British Science Journal Admits Publishing Phony Report
April 10, 2002
by Dennis T. Avery
After a five-month holdout, the besieged British journal Nature has raised the white flag of surrender admitting that it published as fact a report that turned out to be merely the latest in a series of biotech hoaxes.
In a rare skinback, the journal’s editors disavowed a November story reporting that genes from genetically modified corn were “polluting” the DNA of a farmer-bred corn in an area of southern Mexico believed to be the birthplace of corn.
Based on widespread criticism of the article by independent scientists and further assessments by outside referees, the editors said the evidence submitted was “not sufficient to justify the publication of the original paper.”
Two University of California researchers had published a story last fall claiming they’d found GM corn popping up in fields near Oaxaca in southern Mexico.
The report was especially disturbing because it fanned fears that genes from genetically modified crops could actually “jump” into regular plants and destabilize their genetic makeup.
Indeed, environmental activists, who have long warned of such nightmares, quickly exploited the Nature article.
The authors of the Nature piece, David Quist and Ignatio Chapela of the University of California at Berkeley raised the fear that biotech corn might already have destroyed the ancient genetic blueprint for one of the world’s most important crop plants.
The radical environmental group Greenpeace immediately seized on the report with a spokesperson labeling the so-called genetic invasion “a worse attack on Mexican culture than if they had torn down the Cathedral of Oaxaca and built a McDonald’s over it.”
One of the researchers, Chapela, sounded less like an objective scientist than an eco-activist himself when told a USA Today reporter that “diversity is going to be crowded out by these genetic bullies.” That seemed to echo Greenpeace’s line that “there are over 300 local and wild varieties of Mexican maize, which stand to be lost . . .”
Unfortunately, for Greenpeace and other anti-GMO groups, Quist and Chapela’s findings began to dissolve under the skeptical questioning of respected genetic scientists across the globe.
At least three leading groups of scientists sent separate letters to Nature challenging Quist and Chapela’s conclusions; one includes more than 100 names, several of them from the pair’s home base UCal/Berkeley. Another scientist, cited by Quist and Chepala, wrote the scientific journal to say they misinterpreted his work.
A leaked internal memo from an independent scientist appointed by Nature to review the challenges says, in part, “I am in complete agreement with the common theme in all four [critical] letters, which is that the … data presented is simply not sufficient to warrant ANY of the conclusions of the authors.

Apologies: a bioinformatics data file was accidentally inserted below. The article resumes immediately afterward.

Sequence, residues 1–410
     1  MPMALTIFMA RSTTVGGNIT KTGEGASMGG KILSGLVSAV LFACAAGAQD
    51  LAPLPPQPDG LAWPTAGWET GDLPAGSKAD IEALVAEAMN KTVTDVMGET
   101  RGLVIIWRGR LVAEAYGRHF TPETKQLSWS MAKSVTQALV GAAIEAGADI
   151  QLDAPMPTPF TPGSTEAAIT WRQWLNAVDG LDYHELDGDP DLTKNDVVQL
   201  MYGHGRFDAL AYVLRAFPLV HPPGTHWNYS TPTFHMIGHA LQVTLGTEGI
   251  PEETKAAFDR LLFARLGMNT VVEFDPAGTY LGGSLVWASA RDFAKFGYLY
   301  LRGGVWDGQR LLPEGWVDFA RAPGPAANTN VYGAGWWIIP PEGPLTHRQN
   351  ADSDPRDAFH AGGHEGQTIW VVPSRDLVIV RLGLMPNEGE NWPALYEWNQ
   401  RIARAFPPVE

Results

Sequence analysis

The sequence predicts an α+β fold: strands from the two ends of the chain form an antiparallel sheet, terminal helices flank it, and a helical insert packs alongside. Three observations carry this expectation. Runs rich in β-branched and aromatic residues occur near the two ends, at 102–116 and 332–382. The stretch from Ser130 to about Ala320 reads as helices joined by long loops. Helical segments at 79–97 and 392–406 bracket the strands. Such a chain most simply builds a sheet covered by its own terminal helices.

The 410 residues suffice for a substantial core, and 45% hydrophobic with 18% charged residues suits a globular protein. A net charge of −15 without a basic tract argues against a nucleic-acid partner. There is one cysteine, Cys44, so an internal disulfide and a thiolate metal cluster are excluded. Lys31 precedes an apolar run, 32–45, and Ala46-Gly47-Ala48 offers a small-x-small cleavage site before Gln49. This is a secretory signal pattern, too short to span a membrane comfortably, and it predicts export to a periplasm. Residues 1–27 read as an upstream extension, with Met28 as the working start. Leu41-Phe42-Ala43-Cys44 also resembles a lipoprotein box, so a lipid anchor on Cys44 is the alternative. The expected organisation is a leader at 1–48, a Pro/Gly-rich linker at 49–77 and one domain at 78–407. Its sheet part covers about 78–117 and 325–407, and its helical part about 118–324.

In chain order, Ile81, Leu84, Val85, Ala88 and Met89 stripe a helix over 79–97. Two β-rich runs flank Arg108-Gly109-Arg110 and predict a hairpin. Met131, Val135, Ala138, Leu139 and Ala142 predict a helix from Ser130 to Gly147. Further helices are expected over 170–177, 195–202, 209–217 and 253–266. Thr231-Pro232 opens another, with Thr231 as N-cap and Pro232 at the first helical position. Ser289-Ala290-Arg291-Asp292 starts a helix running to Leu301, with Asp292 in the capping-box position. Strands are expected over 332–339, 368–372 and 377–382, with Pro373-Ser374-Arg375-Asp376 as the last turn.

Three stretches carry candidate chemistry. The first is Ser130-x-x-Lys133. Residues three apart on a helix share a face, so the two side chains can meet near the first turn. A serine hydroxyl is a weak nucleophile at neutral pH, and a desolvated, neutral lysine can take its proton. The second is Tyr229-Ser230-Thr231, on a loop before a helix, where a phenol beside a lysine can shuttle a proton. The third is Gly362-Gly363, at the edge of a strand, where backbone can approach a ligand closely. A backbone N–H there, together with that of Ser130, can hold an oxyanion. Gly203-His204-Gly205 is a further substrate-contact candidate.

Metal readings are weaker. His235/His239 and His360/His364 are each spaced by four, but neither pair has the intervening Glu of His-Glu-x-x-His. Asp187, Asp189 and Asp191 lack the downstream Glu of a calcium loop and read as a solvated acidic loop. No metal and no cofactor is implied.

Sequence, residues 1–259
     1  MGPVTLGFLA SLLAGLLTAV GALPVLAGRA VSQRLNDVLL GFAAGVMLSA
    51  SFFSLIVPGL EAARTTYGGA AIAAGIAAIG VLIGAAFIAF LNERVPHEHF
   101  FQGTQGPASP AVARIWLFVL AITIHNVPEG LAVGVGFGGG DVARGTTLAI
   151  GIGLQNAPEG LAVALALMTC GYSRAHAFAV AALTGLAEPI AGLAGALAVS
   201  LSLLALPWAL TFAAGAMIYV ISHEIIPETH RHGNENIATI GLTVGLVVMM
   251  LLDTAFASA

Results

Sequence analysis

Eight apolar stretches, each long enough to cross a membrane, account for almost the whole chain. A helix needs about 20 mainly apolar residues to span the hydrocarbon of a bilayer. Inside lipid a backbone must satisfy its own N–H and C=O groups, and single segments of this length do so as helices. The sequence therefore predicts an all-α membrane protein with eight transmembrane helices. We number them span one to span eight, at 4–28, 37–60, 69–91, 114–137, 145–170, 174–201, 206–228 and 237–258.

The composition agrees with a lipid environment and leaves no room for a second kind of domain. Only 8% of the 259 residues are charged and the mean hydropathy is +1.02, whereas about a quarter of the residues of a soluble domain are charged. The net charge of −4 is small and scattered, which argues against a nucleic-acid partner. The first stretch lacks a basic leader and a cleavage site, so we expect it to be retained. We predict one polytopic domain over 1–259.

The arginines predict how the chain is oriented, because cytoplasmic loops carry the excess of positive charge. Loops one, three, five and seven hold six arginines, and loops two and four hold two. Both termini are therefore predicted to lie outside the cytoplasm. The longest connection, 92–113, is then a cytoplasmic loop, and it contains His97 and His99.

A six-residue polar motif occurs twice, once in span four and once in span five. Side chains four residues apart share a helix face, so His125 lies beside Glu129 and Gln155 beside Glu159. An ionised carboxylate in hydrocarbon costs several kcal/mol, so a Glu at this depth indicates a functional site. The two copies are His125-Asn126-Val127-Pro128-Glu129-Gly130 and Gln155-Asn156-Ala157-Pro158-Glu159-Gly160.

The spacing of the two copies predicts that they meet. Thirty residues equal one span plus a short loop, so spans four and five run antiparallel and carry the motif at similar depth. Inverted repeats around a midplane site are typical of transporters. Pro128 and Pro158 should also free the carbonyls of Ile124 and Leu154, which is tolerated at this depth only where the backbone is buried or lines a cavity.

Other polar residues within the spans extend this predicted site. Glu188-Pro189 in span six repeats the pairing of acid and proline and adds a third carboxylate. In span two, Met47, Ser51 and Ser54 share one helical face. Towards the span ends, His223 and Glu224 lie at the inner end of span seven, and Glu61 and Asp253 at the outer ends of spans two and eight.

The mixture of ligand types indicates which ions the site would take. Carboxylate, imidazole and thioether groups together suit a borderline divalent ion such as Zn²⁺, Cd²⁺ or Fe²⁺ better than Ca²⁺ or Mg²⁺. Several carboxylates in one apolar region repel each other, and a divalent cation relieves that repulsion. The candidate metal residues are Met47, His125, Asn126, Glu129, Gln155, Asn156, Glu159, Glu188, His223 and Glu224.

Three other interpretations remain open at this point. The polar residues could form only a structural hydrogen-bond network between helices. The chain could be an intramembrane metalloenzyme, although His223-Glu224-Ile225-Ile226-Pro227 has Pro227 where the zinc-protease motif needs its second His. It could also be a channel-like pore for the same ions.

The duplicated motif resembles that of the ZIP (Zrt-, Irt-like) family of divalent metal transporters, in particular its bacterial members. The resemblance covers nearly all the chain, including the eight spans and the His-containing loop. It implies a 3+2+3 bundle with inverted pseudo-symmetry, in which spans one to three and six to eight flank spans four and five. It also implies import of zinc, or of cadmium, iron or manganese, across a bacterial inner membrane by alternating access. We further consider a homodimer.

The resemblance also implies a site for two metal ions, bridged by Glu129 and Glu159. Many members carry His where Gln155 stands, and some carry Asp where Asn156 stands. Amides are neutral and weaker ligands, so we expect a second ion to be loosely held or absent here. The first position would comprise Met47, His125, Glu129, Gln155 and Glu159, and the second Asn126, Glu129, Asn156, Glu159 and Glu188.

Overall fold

“Simply stated, the authors have not demonstrated that transgenes or parts of transgenes from industrially produced maize have become incorporated into the genome of the maize landraces they studied.”
The scientist added that the authors’ response that used a widely accepted method to screen for transgenes is simply a gross misrepresentation of laboratory practices. He concluded that “ . . . Nature should demand that the authors retract their manuscript” if they cannot provide better documentation that genetically modified genes actually ended up in native corn crops.
From a historical perspective, it’s important to note that Mexican farmers have experimented with every high-yielding corn plant they could find for thousands of years. That’s how corn grew from the thumb-sized ears of teosinte to today’s forearm-sized ears.
While Quist and Chapela’s contention seems highly doubtful, it’s likely that transgenic corn genes will turn up in Mexico eventually — but without endangering the world’s corn crop in any way.
In fact, there is no wild corn in Mexico at all. Claiming that new genes in Mexico’s farmer varieties will endanger the genetic base of the corn crop is like claiming that cross-breeding two Chihuahuas may alter the genetic makeup of the wild Mexican lobos or wolf.
This is the second time in recent years that Nature has published an article that touched off a major, and, as it turned out, unwarranted furor about biotech crops.
In 1999, the journal published a paper by Dr. John Losey of Cornell indicating that biotech corn would harm the larvae of Monarch butterflies. Field studies subsequently showed that Monarchs are safer in biotech cornfields than in fields that are sprayed with the usual insecticides.
It’s particularly crucial that respected scientific journals like Nature do not succumb to the political passions of the moment.
They need to get it right the first time because the stakes on this increasingly crowded planet are so high.
To protect the planet’s wildlands in 2050 and beyond, the world must triple the yields on its current farmlands — or eradicate 4 billion people. Biotechnology may well be the solution, and respected opinion makers such as Nature must ensure that they present scientifically accurate information to the public.
Dennis T. Avery is based in Churchville, VA, and is director of the Hudson Institute's Center for Global Food Issues.